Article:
Kavinder Singh Bisht (56kg) produced another lion-hearted performance to enter the finals along with four other Indians in the Asian Boxing Championships in Bangkok on Thursday.
Bisht and Amit Panghal were the most impressive on a day when Shiva Thapa’s (60kg) unprecedented fourth successive semifinal appearance ended with a bronze after a gruelling battle which could have gone either way.
Deepak Singh (49kg) and Ashish Kumar (75kg) joined Panghal and Bisht in the men’s finals, while Pooja Rani (81kg) and Simranjit Kaur (64kg) advanced to Friday’s summit clashes in the women’s draw.
Panghal defeated China’s Hu Jianguan in a split verdict, which was a surprise given that the Indian was clearly the more dominant of the two boxers and dictated the bout with his tremendous pace and aggression.
Bisht, on the other hand, turned in a lion-hearted show in a bloody battle which left him and his opponent – Mongolian Enkh-Amar Khakhuu – with bandaged right eyes. The draining fight ended 3-2 in the Indian’s favour.
Thapa came out all guns blazing too, against 2015 edition’s silver-medallist Kazakhstan’s Zakir Safiullin, but a loss of momentum in the final round ended up tilting the scales against him in a split decision by the judges.
Also finishing with a bronze among men were Ashish (69kg) and Satish Kumar (+91kg).
While Ashish was beaten 0-5 by Uzbekistan’s Bobo-Usmon Baturov, Satish was forced to give a walkover to Kazakh Kamshybek Kunkabayev owing to an injury sustained in the previous bout.
Settling for bronze medals among the women were veteran former champion L Sarita Devi (60kg), last edition’s silver-medallist Manisha (54kg), former junior world champion Nikhat Zareen (51kg) and world silver-medallist Sonia Chahal (57kg).
It was a positive start to the day for India with national champion Deepak advancing to the final without exchanging a single blow after getting a walkover from Kazakhstan’s Temirtas Zhussupov due to injury. It was a second successive walkover to the Indian.
Next up was Bisht, who had upstaged reigning world champion Kairat Yeraliyev of Kazakhstan in his quarterfinal contest.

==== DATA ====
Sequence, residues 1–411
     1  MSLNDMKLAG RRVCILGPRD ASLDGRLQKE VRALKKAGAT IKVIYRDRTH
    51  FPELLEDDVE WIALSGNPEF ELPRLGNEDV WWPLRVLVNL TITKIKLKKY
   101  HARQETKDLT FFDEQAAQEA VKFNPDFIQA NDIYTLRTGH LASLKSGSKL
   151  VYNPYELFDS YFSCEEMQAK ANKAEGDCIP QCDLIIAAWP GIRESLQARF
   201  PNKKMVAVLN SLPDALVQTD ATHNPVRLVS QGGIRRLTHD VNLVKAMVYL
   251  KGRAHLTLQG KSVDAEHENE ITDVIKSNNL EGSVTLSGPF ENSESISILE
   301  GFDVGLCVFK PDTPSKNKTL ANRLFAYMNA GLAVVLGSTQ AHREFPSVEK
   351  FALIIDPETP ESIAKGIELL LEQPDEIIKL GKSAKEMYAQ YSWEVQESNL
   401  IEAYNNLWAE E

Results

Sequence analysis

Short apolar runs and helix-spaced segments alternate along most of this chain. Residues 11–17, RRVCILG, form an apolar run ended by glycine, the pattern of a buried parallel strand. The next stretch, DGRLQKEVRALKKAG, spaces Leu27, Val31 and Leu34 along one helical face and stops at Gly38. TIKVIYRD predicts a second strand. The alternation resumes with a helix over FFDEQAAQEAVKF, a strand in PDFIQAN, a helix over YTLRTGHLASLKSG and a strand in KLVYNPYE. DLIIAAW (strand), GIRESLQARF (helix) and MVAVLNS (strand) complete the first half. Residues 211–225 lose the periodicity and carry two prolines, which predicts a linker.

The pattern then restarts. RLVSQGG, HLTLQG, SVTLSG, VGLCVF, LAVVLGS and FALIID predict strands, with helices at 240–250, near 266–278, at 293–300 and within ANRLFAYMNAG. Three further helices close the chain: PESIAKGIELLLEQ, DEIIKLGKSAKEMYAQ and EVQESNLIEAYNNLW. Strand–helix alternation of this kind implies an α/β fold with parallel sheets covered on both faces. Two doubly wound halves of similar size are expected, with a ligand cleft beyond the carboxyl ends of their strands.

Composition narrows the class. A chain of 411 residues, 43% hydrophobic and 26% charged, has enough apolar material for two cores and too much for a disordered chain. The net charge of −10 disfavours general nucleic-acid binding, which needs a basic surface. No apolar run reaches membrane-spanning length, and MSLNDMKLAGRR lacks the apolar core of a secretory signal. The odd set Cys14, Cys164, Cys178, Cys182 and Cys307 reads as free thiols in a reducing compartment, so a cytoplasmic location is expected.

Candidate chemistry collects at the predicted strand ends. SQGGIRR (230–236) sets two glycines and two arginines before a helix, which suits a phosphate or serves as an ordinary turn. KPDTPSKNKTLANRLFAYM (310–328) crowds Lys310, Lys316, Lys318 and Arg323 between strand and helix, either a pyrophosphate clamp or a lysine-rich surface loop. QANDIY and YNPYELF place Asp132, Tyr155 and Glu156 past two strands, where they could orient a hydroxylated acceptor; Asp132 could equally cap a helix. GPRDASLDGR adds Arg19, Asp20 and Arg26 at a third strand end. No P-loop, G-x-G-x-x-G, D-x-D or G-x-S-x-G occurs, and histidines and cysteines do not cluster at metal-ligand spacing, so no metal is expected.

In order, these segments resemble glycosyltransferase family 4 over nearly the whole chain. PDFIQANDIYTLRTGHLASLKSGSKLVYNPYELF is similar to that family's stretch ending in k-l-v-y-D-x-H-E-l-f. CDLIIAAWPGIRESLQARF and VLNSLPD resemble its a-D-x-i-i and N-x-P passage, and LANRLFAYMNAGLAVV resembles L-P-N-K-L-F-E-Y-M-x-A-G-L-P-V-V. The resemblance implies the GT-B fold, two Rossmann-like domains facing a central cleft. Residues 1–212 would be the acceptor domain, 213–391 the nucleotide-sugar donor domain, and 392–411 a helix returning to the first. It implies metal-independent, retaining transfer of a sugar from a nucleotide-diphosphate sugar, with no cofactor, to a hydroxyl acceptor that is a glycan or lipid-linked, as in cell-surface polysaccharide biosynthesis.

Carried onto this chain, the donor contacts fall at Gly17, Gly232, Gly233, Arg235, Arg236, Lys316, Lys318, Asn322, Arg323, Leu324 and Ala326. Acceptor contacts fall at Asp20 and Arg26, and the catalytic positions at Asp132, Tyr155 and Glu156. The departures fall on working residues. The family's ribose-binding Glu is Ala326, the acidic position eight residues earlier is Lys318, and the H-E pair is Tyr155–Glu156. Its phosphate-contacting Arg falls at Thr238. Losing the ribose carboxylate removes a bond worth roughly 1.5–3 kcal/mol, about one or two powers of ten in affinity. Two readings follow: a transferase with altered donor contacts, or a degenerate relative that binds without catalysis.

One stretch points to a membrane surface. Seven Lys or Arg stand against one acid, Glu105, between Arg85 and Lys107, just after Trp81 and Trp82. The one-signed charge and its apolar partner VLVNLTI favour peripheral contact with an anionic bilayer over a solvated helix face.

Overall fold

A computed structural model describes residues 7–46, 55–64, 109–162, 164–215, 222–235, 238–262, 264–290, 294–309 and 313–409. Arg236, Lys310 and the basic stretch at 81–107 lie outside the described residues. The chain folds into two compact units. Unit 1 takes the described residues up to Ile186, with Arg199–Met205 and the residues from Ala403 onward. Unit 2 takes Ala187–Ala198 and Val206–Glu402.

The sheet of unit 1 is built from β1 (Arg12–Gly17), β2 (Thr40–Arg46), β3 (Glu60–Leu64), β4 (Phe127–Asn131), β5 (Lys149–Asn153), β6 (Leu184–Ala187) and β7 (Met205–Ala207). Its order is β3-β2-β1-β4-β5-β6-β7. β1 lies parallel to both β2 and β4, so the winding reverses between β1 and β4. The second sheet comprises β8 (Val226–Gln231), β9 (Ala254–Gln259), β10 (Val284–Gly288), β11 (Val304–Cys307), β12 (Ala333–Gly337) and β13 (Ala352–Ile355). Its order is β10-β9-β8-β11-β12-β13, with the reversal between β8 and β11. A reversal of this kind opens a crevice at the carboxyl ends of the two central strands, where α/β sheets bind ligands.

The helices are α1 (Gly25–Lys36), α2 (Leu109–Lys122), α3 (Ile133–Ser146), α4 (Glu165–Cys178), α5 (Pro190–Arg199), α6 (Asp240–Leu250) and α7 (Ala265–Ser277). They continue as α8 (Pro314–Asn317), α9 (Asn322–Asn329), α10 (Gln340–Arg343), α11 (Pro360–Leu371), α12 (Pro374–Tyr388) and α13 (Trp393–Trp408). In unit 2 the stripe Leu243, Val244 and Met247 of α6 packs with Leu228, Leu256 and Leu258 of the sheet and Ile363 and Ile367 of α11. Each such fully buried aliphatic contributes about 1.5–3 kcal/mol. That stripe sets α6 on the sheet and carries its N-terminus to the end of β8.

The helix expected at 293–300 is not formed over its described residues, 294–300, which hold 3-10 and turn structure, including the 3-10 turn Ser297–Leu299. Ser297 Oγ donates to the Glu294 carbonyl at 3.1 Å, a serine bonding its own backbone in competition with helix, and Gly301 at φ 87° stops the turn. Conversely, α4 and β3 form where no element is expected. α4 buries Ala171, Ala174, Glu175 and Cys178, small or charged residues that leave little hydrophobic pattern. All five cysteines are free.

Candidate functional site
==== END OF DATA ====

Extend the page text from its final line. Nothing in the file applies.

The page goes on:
Willing to risk a few blows, the quick-moving Bisht stunned his rival by the sheer power of his punches. The intensity was high in the final three minutes and Khakhuu did try hard but even his best was not enough to deter Bisht, who seemed prepared for a late onslaught of punches.
Another high-voltage bout followed with Ashish fighting it out against Iran’s Seyedshahin Mousavi. The Indian was slow off the blocks against the sprightly Iranian, who clearly had the early momentum.
But Ashish raised the bar in the second and third rounds to counter Mousavi with some precisely-placed hooks and straights.
Among the women, Manisha lost to Taiwan’s Huang Hsiao-Wen, while Sarita (60kg) went down to China’s Yang Wenlu. Pooja was up against Kazakhstan’s Fariza Sholtay and emerged triumphant in a unanimous decision.
In the evening session, Zareen gave it her all in the clash against Vietnam’s Nguyen Thi Tam but signed off with a bronze after losing the bout on a split verdict by the judges.
Sonia was squared off against local favourite Nilwan Techasuep and although the Indian seemed to be a more precise puncher than her rival, the judges ruled in the Tha’s favour much to the crowd’s delight.
In the last Indian bout of the day, national champion Simranjit faced a rather sluggish opponent in Uzbekistan’s Maftunakhon Melieva and controlled the proceedings from start to finish for an easy 5-0 triumph.
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